Finally there’s the fact that Madrid is centrally located with good links to the rest of Spain by rail and bus, and to the rest of the world by plane. I visit the UK for family reasons every five weeks. It is quicker for me to visit my family flying in from Madrid than it was driving to see them when I lived in the South West of England. The cost is pretty much the same as well. Flights to Madrid are usually much cheaper than those to coast, and the metro system makes it easy to get to the airport.
M2M: Was it difficult for you to make the transition in moving to Madrid?
Kim: Not at all. That is another thing I love about Madrid – everyone is so incredibly welcoming. When I first moved here, I would speak with locals and they were always so happy to talk to me and share their culture, even back when my Spanish was relatively limited, their eyes just light up that I was making an effort. They are so pleased when someone is willing to learn about Spain and eager to share. They’re equally eager to learn about you and your culture. In fact I found it easier to adjust to Spain than other countries I have lived in such as Singapore and the U.S. Visiting Spain so frequently as a young child helped me absorb more of the culture than I realised.
M2M: Is there an expat community in Madrid?
Kim: Yes, there is. There is a large English speaking community here and, as in other areas, many expats live here quite happily without learning the language. For me it is all about a balanced lifestyle. I enjoy that so much is on offer in English and that I can find other Brits when that side of me needs to express itself. Equally I spend time with my Spanish neighbours and friends, use the wonderful facilities available here and converse away in Spanish feeling quite like a local.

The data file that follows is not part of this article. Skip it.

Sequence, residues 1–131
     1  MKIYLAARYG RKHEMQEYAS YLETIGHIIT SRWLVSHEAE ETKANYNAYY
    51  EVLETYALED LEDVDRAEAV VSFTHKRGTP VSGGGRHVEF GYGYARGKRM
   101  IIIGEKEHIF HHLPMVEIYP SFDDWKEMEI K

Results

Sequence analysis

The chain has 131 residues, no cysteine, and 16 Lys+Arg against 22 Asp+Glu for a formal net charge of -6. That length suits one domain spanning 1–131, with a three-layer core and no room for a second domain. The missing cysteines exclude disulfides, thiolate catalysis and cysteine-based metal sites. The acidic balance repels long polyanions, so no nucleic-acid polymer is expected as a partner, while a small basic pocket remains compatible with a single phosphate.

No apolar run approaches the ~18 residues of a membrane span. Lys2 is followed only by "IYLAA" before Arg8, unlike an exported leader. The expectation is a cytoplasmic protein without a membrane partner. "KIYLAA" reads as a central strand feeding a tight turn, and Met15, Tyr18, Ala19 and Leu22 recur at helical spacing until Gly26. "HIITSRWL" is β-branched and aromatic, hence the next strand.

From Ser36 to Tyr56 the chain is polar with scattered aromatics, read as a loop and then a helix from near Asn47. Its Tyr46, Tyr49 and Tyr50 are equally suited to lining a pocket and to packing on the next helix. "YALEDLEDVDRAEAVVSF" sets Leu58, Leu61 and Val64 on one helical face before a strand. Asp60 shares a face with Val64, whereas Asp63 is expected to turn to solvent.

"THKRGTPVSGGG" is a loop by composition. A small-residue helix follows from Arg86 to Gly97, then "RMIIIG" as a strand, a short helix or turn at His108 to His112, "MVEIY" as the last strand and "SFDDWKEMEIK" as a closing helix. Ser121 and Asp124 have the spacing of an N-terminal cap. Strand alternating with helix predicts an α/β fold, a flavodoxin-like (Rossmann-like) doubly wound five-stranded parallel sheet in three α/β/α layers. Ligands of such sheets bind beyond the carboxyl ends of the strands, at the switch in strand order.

M2M: What advice would you give to people moving to Spain?
Kim: Take your time to work out what is best for you. Moving to a new country is a big transition. If you are used to living in a big city, moving to a small Spanish town will be an even harder transition. Just because a place is appealing for a two week vacation does not mean you will enjoy living there long term.
M2M: Anything else you would like people to know?
Kim: Yes. I am a host for Costa Women Madrid. Costa Women is an organisation dedicated to supporting women of all nationalities who have chosen to make Spain their home or are looking to do so. As the name implies, the organisation was started on the coast, but now has groups throughout Spain. It is free to join and we welcome any women moving to Madrid to reach out and connect with us via our website and, once you have registered, through our Madrid Facebook group.
Property prices in Madrid versus the coast
Real estate in Madrid is more expensive than that on the coast (barring Barcelona and Ibiza). Much of this is due to supply and demand. Most people want to live in the center of Madrid. The apartment stock here is limited- particularly if you want to live in an old world building. However, if you are like Kim and like to live in the suburbs, you have many options that are comparable to buying a place on the coast.
Do you want to learn more about moving to Madrid and how to find your ideal neighborhood? If so, arrange a FREE CONSULTATION TODAY and we will be happy to walk you through pricing in different neighborhoods.